Written by Student Rights on 13 September 2012 at 1pm

Sabeel continue to provide a platform for Haitham Al-Haddad

In our report ‘Challenging Extremists’, published earlier this year, we highlighted the role an organisation called Sabeel plays in exposing students to extremist speakers.

Running relatively cheap seminars and weekend retreats, Sabeel claims to give young Muslims the opportunity to spend time with scholars and to “gain a deep and comprehensive understanding of important subjects”.

In reality, it instead provides intolerant individuals with a platform to preach and a captive audience of impressionable young students to influence.

During the previous academic year the organisation used instances of student activism profiled in our report to regularly promote events and share information on where to buy tickets.

Its events were also advertised by a number of London-based Islamic Societies, eight of which were also listed as attending one event called ‘The Divine Sciences’ in June 2012.

The speaker at the weekend retreat was Haitham Al-Haddad, the founder of Sabeel’s parent group the Muslim Research and Development Foundation (MRDF).

This weekend, Al-Haddad will lead a two day Sabeel course at the Water Lily in East London called ‘Leading Proactive Lives’, which we have found being promoted to students by London Metropolitan University Islamic Society.

Prevented from speaking at several universities in the past, Al-Haddad has a history of inflammatory views, including his belief that “the scourge of homosexuality” is a “criminal act” that must be opposed.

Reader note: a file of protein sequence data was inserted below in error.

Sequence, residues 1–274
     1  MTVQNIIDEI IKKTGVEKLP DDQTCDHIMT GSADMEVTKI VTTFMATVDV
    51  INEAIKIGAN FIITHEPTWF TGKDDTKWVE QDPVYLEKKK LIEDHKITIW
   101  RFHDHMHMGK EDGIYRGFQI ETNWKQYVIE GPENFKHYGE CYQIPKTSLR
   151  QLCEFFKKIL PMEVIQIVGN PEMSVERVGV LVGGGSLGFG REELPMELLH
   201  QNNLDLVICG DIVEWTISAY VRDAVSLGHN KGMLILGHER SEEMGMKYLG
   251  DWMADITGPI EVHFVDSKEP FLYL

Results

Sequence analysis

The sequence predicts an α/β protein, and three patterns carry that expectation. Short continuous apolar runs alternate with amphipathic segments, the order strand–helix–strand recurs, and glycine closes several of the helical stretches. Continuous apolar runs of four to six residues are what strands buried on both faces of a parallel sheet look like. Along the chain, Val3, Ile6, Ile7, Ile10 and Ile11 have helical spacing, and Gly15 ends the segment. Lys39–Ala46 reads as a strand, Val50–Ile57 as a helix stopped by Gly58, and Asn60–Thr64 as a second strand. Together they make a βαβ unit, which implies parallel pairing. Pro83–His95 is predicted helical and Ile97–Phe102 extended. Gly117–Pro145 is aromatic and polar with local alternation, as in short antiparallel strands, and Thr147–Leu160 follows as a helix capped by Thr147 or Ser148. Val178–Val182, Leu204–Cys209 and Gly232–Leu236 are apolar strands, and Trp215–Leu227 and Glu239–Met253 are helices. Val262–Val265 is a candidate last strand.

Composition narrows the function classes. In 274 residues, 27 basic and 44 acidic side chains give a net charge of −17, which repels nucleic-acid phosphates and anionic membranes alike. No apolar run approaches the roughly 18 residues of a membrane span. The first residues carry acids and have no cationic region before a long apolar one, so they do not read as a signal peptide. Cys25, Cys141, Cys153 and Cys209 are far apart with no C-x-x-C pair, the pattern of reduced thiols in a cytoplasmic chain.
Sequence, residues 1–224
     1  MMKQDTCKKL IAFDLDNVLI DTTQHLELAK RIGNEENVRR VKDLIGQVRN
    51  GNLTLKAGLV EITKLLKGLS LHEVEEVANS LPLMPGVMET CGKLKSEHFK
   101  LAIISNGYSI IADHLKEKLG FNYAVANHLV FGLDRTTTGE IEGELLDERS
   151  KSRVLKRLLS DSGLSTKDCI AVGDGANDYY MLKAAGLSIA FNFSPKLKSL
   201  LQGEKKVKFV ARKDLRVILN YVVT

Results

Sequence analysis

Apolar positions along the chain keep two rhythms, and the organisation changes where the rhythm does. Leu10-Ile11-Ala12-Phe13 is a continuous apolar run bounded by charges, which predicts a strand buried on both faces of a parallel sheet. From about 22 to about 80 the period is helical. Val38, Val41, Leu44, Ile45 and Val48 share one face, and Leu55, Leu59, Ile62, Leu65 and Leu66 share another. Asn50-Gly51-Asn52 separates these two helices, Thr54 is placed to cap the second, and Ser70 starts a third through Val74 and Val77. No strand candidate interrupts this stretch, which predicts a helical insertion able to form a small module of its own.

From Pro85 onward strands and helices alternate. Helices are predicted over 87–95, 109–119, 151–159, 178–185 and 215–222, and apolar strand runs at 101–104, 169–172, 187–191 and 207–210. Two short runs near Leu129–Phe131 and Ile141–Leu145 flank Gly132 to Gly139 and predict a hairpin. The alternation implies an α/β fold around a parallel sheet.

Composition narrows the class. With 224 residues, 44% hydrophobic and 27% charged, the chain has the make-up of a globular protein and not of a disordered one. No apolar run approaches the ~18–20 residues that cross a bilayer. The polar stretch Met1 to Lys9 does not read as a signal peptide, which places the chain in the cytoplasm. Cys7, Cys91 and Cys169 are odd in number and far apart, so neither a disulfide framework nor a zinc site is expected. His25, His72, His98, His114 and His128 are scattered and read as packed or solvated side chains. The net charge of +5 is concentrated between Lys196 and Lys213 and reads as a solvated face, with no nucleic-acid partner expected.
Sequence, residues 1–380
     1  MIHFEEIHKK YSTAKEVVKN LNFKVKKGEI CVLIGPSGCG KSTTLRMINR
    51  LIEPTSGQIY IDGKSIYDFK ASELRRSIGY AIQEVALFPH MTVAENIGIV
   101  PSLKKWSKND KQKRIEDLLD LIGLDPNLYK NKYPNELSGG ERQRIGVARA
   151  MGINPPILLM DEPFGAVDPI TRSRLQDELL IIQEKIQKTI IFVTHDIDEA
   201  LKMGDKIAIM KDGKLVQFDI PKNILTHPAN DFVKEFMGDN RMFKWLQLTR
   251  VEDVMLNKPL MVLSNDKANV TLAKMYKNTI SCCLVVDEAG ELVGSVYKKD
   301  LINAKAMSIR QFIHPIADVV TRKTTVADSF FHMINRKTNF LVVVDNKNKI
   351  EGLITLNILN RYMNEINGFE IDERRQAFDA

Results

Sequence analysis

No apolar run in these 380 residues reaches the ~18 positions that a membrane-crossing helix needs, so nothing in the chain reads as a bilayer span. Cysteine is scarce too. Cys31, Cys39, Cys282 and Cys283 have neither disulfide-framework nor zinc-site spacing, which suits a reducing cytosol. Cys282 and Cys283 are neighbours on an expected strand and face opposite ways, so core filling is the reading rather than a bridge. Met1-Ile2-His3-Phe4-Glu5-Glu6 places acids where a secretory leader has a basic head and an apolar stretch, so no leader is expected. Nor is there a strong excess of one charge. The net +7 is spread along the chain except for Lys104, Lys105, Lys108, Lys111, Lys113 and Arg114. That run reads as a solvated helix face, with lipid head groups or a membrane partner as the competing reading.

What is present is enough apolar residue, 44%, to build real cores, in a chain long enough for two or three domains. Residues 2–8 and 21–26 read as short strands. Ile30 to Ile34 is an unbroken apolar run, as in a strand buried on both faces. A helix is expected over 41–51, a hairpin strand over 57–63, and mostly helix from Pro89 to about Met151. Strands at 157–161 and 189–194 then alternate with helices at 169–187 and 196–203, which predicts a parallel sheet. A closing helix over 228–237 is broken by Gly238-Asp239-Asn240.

He has also declared that he Israeli Defence Force Operation Cast Lead in 2008-9 was a good thing as “many Muslims who left their religion became more convinced that they have to go back to their religion”. 

These views on the Middle East conflict chime with his opinions on the Islamist paramilitary group Hamas, who he believes are opposed by the West because “there is a high level of enmity and hatred against Hamas as a Muslim group”.

He has also been accused of extreme anti-Semitism in the past, something else he would have in common with the Palestinian militant group, designated as a terrorist organisation by the British government.

As the new academic year begins then it is clear that Sabeel and the MRDF are still providing a way in which individuals like Al-Haddad can interact with students. It is also apparent that some university societies are still promoting these events.

Given that this particular event is taking place off-campus, there is little that universities can do other than make clear to their Islamic Societies that they should not be sharing invites like this on affiliated Facebook pages.

However, here at Student Rights we would hope that the majority of students who find Al-Haddad’s intolerant views distasteful would work within their society to ensure that such events are not promoted by the group in future.